The highlights reel on their young careers is already long—and growing. Besides their by far biggest checks ever in Green Bay and Shelby’s reserve national intercollegiate title, she also won the NIRA’s Southwest Region breakaway roping championship in 2019, as well as her favorite event at the 2019 Fort Worth Invitational Horse Show.
Makayla’s been voted the Canadian Girls Rodeo Association Cowgirl of the Year by her peers. She trained an amazing black mare she called D.C.—which honored her Dash for Cash pedigree—on the barrels and poles that between the three sisters made the short round at the National Junior High School Rodeo Association Finals and National High School Rodeo Association Finals seven times. Makayla currently leads the Rafter L Roping Association breakaway roping standings, which is owned and operated by roping pioneer Lari Dee Guy.
But it hasn’t always been a smooth, free skate—or all breakaway roping all the time—for the Boisjoli sisters. All three played basketball with such high intensity that records they set still stand.
“I chose basketball over rodeo until I tore my knee out,” Makayla said. “Marissa’s also had knee surgery from playing basketball. All three of us loved the team aspect of basketball, and we have that with our breakaway roping, too. We do whatever it takes for all of us to succeed (as evidenced yet again by both sisters getting off of their respective horses to help one another in the box at Green Bay). We really do work together when it comes to our roping. When we’re training a horse, we might send it to the other one’s house for a week. Whenever one of us wins, it’s a win for the team.”
Why did breakaway roping stick as their prime-time passion?
“Our parents didn’t have a lot of money to buy us horses, and our dad knew how to help us with breakaway roping horses and our roping,” Makayla said. “I love barrel racing, but I don’t have the patience to go to all the jackpots it takes to season young barrel horses anymore. We’re too busy roping.
“Lots of little girls grew up roping, then had nowhere to go with it after college. It makes me so excited that girls can showcase what they can do now. We put blood, sweat and tears into this just like every other rodeo athlete. We want the chance to be great, too. This is an outstanding time to be a breakaway roper. We are so lucky. Breakaway roping is in its prime, and we’re so fortunate that people like Lari Dee and Jackie (Hobbs Crawford) paved the way for us.”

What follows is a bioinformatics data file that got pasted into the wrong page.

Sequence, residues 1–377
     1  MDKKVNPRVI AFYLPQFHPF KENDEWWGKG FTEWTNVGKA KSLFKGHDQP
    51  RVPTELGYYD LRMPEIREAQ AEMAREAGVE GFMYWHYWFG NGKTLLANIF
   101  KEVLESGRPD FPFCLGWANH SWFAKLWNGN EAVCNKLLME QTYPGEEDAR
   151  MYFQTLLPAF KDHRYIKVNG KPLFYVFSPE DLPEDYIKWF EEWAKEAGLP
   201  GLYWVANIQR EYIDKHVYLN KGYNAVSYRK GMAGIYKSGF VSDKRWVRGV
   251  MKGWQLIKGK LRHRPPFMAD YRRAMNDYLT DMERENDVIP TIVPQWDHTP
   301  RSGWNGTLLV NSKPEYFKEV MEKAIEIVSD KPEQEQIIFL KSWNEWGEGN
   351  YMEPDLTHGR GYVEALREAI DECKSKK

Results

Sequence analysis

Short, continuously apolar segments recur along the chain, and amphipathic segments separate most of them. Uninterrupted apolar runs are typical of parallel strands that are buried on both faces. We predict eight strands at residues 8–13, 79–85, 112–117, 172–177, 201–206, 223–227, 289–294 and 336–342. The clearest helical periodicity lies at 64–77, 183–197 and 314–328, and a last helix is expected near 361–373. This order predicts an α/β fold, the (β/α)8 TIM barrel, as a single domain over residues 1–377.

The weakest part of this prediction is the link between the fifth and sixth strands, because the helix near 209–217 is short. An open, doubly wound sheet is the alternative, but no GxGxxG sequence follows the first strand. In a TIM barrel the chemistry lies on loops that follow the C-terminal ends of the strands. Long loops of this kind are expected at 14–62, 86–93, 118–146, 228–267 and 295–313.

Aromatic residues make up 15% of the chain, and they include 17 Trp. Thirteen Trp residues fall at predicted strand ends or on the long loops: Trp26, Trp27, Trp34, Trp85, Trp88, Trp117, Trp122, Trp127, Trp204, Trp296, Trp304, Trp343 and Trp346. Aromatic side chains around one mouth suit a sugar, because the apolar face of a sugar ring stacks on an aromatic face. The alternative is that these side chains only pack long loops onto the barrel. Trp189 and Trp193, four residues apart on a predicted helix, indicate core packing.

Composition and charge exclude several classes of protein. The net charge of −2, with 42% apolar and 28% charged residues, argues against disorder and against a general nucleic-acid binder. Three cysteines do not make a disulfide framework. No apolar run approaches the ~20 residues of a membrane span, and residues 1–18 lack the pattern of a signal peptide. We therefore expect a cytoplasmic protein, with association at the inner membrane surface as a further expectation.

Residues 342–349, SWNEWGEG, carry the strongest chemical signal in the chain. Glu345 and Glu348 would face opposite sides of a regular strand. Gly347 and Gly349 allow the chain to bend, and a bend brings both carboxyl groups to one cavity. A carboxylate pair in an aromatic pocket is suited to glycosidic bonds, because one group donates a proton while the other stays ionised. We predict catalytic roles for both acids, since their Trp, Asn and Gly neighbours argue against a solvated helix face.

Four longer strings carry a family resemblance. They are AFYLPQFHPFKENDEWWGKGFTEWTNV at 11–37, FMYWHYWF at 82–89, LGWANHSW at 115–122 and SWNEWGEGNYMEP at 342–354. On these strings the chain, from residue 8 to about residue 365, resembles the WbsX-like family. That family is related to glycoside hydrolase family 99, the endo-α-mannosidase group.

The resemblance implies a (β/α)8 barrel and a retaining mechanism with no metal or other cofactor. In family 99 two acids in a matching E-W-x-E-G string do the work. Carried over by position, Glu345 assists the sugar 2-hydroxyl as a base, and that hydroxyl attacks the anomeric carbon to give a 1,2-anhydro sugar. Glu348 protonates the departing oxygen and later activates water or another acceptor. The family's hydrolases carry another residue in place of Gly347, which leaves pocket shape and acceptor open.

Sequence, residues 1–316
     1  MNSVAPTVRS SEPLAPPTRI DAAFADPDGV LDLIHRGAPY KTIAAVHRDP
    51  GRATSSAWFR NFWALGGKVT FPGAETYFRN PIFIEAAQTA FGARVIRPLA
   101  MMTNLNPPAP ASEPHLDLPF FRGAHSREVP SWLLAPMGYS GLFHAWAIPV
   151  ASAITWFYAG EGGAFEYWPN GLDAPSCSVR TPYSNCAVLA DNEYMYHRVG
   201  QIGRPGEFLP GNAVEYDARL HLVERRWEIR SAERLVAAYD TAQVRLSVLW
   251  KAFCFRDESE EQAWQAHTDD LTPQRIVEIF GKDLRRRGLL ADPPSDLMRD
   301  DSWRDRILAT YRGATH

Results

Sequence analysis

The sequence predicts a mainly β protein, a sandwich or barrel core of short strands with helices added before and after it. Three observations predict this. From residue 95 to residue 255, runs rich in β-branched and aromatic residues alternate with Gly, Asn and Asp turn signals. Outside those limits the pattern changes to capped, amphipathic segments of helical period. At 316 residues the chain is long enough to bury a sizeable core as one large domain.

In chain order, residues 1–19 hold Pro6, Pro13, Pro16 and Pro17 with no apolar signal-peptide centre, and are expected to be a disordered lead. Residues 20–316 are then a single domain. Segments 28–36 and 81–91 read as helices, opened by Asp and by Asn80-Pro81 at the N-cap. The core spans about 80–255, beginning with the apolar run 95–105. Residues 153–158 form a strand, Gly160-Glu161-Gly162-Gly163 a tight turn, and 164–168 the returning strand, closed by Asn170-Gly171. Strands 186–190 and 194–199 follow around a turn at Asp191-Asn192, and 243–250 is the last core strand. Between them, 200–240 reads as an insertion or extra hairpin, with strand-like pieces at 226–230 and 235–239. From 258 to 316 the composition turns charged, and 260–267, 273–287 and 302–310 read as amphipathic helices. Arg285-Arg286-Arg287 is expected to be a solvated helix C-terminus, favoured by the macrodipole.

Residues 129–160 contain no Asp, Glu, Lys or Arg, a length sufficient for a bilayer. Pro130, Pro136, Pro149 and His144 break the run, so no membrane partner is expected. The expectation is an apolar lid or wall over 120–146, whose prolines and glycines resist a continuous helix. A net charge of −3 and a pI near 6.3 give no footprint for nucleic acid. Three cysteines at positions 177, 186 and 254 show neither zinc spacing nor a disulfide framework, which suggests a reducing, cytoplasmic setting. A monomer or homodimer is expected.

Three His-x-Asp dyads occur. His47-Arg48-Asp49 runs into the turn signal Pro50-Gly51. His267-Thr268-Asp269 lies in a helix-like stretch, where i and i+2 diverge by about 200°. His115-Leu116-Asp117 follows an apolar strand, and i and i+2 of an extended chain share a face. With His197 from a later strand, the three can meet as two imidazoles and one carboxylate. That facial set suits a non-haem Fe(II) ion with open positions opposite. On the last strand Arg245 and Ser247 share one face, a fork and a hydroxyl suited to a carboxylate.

According to Makayla, this fall’s Canadian Finals Rodeo will for the first time feature a $50,000-added breakaway roping as an additional special event.
“I don’t think anybody realized how many girls were sitting at home with a rope waiting to go somewhere,” she said. “This has been a long time coming. I’m very excited people are finally giving breakaway roping a chance. We’re definitely not trying to step on the toes of any of the other events. The rodeo community needs to band together and work together. Everyone in every event needs to pull together and stand up for our whole sport.”
The Boisjoli sisters are definitely bullish on the WCRA.
“I think it’s awesome,” Shelby said. “It’s a really good opportunity to make money and not have to break yourself trying to get that done. You don’t have to go to extra, new rodeos to qualify for the big ones. You can even count college rodeos toward qualifying for the ($500,000) WCRA Semi Finals now. In the WCRA, you don’t need to be a full-time rodeo contestant. A lot more girls are nominating from Canada now, too. I think it’s cool that women of all ages can compete in breakaway roping. As for me, 2019 has been a really blessed year. I’m really grateful for it, and I definitely don’t expect to top it.”